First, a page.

What is yours? 40, 30, 12 or maybe even 0 degrees? You should know. It could be causing your pain.
Just like there are normal values for other health indicators, like high blood pressure (120/80), cholesterol (<5.2 mmol/L), oxygen saturation levels (>97%), etc…there is absolutely a normal value for posture and alignment.
A recent meta-analysis (study) “demonstrated a strong relationship between low back pain and decreased lordosis, especially when compared with age-matched healthy controls. Among specific diseases, low back pain by disc herniation or degeneration was shown to be substantially associated with the loss of lumbar curve.” (Spine J. 2017 Aug;17(8):1180-1191)
This is also the case with neck pain. When normal alignment is lost, pain, headaches, dizziness, and general stiffness can result. Even arm pain described as a “pinched nerve” can result of your neck being out of alignment.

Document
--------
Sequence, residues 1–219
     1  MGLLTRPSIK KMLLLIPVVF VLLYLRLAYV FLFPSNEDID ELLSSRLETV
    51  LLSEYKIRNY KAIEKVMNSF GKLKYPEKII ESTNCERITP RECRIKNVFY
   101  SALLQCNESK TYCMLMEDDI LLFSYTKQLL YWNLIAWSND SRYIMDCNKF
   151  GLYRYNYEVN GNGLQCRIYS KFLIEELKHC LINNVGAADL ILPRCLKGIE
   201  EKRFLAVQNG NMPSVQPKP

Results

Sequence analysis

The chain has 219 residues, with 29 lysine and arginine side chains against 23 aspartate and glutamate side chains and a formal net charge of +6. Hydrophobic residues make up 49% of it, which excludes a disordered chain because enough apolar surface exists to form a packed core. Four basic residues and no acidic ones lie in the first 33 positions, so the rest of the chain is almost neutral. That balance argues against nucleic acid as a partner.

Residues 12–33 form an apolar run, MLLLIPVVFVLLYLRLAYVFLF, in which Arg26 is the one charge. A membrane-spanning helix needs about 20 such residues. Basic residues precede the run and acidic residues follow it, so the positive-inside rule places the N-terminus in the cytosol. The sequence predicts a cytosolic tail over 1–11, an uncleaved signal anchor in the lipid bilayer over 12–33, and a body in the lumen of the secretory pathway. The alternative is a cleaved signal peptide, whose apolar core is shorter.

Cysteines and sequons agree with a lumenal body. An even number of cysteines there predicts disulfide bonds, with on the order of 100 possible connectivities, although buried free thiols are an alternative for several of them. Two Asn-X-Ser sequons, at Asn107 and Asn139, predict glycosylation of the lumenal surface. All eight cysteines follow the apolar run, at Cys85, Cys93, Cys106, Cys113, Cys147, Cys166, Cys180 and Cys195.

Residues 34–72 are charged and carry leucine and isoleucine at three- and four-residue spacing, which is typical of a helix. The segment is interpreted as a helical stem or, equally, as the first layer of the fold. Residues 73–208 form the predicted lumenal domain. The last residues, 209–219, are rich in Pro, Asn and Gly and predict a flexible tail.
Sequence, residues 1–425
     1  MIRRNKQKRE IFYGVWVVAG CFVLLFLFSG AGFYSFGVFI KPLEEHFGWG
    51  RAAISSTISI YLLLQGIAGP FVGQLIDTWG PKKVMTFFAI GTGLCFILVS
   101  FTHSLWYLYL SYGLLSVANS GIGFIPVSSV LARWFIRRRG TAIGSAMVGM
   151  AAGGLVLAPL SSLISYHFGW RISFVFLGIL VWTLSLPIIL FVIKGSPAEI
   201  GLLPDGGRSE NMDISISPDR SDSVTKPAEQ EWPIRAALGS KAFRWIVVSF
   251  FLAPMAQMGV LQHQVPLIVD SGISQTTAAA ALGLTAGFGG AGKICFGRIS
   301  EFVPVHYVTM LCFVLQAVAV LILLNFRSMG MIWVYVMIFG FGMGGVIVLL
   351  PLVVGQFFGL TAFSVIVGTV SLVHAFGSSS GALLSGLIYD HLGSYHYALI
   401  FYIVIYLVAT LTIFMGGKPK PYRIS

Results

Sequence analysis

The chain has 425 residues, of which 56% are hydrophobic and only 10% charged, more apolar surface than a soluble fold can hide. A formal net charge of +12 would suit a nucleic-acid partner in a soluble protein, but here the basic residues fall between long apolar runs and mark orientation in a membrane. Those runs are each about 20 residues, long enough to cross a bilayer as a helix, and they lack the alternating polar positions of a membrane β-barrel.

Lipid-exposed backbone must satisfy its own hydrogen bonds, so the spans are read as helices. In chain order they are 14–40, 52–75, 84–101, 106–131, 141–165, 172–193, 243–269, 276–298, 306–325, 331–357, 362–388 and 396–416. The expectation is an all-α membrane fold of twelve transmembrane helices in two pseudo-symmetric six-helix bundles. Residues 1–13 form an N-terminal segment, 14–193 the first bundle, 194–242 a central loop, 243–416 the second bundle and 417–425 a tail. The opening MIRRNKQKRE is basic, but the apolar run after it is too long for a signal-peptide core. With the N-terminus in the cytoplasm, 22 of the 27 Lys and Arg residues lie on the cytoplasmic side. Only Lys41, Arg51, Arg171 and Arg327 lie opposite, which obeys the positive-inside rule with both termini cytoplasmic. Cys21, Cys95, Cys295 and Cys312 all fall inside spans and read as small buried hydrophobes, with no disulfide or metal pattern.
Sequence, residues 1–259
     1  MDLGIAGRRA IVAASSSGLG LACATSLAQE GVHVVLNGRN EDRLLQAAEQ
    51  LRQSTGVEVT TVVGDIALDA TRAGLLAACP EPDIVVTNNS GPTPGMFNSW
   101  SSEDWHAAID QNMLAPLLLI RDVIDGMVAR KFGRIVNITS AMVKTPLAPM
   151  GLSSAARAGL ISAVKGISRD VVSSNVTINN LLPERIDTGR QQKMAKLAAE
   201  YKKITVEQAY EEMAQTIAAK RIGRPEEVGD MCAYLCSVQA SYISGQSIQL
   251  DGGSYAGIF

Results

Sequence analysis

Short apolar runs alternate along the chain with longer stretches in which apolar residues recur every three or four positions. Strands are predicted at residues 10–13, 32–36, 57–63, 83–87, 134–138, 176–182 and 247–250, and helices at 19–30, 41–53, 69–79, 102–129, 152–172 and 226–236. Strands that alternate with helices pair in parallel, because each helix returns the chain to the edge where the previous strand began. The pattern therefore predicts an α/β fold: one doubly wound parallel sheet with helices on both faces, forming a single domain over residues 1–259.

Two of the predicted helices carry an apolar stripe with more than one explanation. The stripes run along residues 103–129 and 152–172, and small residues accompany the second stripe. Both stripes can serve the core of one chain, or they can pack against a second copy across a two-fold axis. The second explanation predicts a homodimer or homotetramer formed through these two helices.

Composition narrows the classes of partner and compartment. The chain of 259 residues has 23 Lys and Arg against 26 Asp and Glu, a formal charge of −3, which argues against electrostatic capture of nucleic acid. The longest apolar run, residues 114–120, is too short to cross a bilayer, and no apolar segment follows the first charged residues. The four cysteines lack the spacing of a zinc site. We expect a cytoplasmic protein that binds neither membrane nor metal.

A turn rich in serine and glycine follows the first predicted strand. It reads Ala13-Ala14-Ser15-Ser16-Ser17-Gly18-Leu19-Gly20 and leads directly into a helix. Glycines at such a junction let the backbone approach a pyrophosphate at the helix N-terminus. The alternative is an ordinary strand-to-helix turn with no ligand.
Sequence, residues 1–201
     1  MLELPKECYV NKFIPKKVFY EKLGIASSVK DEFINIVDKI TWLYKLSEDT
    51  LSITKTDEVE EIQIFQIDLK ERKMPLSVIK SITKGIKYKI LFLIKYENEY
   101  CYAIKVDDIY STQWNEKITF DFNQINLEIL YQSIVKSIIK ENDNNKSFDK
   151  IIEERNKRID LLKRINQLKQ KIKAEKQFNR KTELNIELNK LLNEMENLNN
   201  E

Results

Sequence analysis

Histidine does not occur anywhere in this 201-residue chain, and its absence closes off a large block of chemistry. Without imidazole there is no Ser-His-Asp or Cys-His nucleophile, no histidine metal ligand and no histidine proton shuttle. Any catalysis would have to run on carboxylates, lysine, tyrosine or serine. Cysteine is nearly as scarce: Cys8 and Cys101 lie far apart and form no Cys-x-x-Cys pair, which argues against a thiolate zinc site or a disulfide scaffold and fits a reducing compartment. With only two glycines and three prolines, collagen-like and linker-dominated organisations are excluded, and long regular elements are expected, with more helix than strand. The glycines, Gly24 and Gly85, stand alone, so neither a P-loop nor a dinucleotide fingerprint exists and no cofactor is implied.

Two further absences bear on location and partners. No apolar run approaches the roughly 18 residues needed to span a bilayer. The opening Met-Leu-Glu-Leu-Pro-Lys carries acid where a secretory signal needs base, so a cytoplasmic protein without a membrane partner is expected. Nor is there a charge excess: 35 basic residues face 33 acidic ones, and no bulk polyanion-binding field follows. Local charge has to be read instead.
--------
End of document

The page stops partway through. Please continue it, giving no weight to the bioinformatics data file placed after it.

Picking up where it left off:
While not always perfectly correlated, in my clinical practice, I see many patients who have lost their normal alignment from the side (curve) suffering from more pain, disability, arthritis, and ability to move than those with normal alignment.
With our ever-increasing sedentary lifestyle, our constant sitting, and our addicted to “looking-down” posture on our phones – our spines are taking a beating. Every day we wake up and do it again (hopefully you sleep in the correct position to give your spine a rest). This causes pain and degeneration (spinal arthritis) and decreases our enjoyment in life.
In our office we focus on finding the cause of your pain. Just like you would expect your family doctor to take your blood pressure or order blood work to find the cause of your problem, we want to find the cause of your pain.
A full examination including all available testing ensures we don’t miss anything. If we can find the cause of your problem, there is very good chance we can help you fix it. Together, we can map out a recovery plan based on your goals, the best available evidence, and our clinical experience.
What’s your curve at?